Su Friedrich’s personal experience of Williamsburg’s gentrification premiered, appropriately enough, at last year’s Brooklyn Film Festival, where it shared an audience award. It also screened at last month’s Berlin International Film Festival.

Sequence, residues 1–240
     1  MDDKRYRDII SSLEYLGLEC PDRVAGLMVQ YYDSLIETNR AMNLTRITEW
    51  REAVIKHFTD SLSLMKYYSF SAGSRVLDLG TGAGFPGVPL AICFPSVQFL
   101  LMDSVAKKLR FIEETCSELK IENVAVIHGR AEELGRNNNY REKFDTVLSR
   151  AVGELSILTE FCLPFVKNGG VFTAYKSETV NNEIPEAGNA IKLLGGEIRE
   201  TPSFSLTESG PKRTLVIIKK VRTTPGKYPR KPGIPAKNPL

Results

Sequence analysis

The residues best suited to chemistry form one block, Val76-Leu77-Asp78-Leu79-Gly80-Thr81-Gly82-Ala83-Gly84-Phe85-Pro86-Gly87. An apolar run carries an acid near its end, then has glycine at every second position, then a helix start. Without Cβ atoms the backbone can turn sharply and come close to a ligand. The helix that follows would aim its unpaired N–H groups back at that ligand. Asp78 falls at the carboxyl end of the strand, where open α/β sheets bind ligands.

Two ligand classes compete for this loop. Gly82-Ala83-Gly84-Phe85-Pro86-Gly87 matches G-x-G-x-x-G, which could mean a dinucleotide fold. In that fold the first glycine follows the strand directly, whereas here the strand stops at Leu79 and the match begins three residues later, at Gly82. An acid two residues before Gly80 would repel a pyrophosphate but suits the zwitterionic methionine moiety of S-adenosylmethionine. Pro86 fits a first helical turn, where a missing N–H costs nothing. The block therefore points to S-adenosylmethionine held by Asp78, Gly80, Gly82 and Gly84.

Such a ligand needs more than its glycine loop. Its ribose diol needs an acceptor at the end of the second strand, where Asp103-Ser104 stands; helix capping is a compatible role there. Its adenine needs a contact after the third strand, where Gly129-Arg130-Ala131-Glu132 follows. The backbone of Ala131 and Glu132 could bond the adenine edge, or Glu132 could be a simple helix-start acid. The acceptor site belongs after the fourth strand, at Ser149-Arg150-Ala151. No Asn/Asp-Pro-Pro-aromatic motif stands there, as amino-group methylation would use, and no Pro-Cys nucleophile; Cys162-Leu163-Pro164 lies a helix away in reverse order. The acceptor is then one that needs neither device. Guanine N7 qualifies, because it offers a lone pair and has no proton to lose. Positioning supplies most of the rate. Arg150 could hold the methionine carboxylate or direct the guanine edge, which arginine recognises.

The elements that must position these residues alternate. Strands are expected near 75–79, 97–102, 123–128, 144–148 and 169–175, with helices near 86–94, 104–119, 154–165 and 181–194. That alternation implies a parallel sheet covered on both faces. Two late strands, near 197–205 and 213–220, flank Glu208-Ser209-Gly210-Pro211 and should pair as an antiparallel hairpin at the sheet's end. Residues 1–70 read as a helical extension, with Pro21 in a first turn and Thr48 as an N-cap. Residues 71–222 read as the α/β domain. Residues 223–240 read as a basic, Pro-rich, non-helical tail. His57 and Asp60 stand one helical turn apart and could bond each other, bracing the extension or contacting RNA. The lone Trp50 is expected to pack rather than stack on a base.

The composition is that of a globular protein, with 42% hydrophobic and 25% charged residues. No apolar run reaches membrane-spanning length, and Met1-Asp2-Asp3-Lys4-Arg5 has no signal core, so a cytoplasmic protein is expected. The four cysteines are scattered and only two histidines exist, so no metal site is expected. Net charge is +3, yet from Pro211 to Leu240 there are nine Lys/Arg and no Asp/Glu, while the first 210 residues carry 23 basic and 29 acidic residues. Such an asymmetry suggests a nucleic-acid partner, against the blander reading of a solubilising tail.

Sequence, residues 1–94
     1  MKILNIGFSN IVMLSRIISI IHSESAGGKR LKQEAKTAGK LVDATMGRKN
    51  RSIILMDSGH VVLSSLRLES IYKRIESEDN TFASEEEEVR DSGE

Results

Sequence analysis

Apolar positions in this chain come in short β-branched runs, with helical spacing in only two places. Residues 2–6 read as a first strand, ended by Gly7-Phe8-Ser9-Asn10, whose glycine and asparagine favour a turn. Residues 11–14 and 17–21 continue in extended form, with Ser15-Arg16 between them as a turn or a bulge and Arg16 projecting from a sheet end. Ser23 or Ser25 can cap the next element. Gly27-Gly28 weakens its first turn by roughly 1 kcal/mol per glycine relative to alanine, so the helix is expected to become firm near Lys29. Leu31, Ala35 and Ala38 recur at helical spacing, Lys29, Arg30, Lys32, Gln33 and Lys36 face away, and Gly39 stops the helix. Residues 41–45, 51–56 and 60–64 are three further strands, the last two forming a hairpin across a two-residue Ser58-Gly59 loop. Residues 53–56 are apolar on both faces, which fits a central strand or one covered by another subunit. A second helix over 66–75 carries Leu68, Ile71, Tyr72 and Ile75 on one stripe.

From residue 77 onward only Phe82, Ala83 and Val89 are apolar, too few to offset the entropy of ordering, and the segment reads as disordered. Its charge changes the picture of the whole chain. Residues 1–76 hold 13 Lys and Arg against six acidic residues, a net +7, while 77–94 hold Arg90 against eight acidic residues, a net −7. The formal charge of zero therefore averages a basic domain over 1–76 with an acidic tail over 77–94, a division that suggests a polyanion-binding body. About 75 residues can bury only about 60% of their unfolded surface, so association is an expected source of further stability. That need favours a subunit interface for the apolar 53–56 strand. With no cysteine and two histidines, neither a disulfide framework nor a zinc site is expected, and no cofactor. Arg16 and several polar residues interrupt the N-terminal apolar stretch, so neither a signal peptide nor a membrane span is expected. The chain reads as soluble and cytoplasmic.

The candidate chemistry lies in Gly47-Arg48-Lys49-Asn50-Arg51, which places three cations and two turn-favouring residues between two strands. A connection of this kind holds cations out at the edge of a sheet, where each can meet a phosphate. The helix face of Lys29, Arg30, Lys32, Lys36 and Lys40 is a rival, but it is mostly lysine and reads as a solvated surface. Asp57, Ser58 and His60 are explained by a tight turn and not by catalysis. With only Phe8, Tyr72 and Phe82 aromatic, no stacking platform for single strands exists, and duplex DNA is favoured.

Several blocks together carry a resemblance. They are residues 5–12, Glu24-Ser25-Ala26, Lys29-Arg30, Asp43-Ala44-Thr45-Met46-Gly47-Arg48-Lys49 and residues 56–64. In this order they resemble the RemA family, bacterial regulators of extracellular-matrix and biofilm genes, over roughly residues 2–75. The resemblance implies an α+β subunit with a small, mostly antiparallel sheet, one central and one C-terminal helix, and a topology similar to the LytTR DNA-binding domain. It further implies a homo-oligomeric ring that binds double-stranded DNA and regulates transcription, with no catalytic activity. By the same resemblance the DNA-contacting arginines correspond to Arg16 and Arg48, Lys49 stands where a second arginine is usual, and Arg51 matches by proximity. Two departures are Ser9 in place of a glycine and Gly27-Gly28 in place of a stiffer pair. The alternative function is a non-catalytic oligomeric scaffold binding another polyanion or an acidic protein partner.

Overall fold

Friedrich’s body of work has frequently turned to the personal and the political, and her latest is no different. A resident of Williamsburg since the late 1980s, occupying a large former factory space that’s technically zoned for commercial use but whose landlord has knowingly allowed modifications for residential habitation, Friedrich is thoroughly tied to her neighborhood. As a result of shady rezoning plans, the doors opened to rampant redevelopment in the mid 2000s, which threaten to force out Friedrich, her girlfriend, and the various artists in her building and the small but still vital businesses in the area. Facing an uncertain future, she can’t do much else but bear witness to the destruction taking place around her by picking up her camera. A recurring visual in the film is a map of the neighborhood that Friedrich fills in, as she provides an indignant but increasingly pessimistic count of all the new condos being built, replacing long-standing buildings. This mixture of anger and resignation plays out throughout the film, from guerrilla style recordings of ridiculously over the top condo open house parties and gentrifiers’ designer dogs to a particularly compelling episode involving a seemingly indestructible boulder that brings the destruction of an old-time garage to a standstill for a time. Though it’s never in doubt that gentrification will continue, there’s something affecting about Friedrich’s impassioned and at times wryly funny rage against it, resulting in a sort of elegy to her disappearing neighborhood that should resonate in Brooklyn and beyond.